US lawyer advises client to sue his own firm

His advice may have landed him in the middle of a $1m legal malpractice suit, but, well, you’ve got to give him points for honesty

US lawyer advises client to sue his own firm
A Louisiana man is suing a law firm in Texas and two of its partners for more than US$1m after he was advised to do exactly that – by one of the partners he is suing.

Glenn Price alleges he was injured while working on an oil rig off the coast of Louisiana on 16 April 2014, and has not been able to return to work as an offshore production operator after, according to Texas Lawyer.

He hired Gordon, Elias & Seely to sue on his behalf, but now he’s suing the firm – and partners Jeff Seely and R. Todd Elias – in the 127th District Court in Harris County, Texas. Price is seeking more than US$1m in actual and exemplary damages.

Price alleged that the defendants were negligent when they took no action to file and prosecute a claim for benefits under the Longshore and Harbor Workers' Compensation Act (LHWCA) and when they failed to investigate, file, and prosecute third-party liability claims related to his injuries.

Price said that Seely claimed in 15 April 2015 that the three-year maritime statute of limitations, and not the one-year limitations for LHWCA claims, applied to his case since his accident happened on the Outer Continental Shelf. The firm, Price said, also took no action until 9 September 2016, when they filed a petition at a Louisiana District Court – an action that was eventually dismissed on 8 November 2016.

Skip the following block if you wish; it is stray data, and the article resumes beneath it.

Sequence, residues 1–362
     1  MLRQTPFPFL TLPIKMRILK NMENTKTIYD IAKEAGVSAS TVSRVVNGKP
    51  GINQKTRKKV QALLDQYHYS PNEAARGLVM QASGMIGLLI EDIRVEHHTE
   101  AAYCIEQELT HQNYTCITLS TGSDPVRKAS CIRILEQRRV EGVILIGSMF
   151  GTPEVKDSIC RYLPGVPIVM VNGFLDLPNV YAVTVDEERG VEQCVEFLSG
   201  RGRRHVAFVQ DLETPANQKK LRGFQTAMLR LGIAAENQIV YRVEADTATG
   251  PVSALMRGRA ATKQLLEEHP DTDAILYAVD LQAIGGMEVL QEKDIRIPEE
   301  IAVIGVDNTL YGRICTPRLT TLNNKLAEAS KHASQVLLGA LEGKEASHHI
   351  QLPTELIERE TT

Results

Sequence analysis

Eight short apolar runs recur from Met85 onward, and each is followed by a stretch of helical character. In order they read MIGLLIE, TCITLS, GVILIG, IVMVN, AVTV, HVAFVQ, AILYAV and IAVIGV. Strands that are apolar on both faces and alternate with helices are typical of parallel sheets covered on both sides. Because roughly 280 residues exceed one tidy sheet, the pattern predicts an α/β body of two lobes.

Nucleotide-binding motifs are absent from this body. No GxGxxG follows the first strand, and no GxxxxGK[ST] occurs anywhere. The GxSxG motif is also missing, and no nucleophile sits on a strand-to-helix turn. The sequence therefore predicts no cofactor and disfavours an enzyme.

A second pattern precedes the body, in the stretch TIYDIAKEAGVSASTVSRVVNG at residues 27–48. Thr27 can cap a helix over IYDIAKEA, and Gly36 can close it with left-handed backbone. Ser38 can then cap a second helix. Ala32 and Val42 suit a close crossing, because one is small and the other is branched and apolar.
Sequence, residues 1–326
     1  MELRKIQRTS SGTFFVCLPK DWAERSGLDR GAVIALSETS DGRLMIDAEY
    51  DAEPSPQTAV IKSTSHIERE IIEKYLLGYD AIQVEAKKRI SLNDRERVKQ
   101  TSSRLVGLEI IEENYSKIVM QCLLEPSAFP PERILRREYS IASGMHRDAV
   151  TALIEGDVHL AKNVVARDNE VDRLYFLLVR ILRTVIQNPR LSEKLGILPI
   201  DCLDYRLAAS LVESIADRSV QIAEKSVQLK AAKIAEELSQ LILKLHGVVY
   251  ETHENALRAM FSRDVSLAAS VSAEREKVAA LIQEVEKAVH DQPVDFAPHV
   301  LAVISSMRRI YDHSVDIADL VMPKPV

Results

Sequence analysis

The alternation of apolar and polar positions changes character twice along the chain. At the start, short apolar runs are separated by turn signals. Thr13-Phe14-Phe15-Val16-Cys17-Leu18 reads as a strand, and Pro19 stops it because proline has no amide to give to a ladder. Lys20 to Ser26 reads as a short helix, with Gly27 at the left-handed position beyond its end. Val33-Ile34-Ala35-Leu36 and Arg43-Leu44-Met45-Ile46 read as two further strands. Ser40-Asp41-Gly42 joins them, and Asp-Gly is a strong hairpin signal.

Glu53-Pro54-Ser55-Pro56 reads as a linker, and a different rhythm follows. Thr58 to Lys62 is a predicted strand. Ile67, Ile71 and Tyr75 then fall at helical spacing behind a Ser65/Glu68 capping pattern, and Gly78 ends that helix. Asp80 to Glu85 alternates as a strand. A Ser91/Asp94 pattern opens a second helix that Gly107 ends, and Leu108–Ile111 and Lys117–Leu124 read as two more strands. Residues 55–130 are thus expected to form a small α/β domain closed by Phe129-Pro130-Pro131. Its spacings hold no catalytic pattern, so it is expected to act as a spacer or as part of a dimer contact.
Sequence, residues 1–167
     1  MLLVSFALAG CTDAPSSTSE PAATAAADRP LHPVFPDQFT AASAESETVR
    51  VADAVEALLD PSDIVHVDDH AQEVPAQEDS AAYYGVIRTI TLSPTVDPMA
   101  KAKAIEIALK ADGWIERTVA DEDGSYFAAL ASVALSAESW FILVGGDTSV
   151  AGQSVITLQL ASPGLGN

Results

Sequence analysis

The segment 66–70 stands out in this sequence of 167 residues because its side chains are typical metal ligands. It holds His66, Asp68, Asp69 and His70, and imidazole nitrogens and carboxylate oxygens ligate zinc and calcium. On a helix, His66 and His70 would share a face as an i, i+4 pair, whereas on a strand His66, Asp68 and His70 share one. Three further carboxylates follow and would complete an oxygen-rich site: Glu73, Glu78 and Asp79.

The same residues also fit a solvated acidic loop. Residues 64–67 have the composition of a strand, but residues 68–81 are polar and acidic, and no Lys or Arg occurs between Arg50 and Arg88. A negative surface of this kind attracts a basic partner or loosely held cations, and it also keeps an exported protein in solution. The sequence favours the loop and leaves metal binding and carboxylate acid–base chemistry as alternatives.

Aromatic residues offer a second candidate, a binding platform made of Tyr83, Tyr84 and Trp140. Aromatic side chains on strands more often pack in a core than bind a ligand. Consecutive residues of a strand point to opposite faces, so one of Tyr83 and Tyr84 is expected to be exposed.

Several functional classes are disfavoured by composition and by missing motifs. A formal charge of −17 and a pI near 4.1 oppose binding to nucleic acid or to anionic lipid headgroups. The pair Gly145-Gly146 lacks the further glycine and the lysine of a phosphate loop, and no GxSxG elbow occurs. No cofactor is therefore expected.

Price said Seely wrote to him on 17 January, saying he was “saddened to give you very, very bad news about your case” and that a “misunderstanding about the facts of the case” led him to conclude the statute of limitations on the case was indeed a year and not three years.

“Because of my mistake, you do have an opportunity to sue my law firm for legal malpractice. I encourage you very much to get legal advice about the issue,” Seely wrote.

Dale Jefferson, the defendants’ lawyer, told Texas Lawyer he was proud his clients did what other lawyers rarely did – own up to their mistake.

“My clients are not at all retreating from that letter,” he said. “They are proud of the fact that once they realized they made a mistake, they owned up to the mistake and informed their client of their legal obligations even though it was against their self-interest.”

Price’s lawyer said that he did not find the act “unusual,” and that ethics rules compel lawyers keep clients informed.

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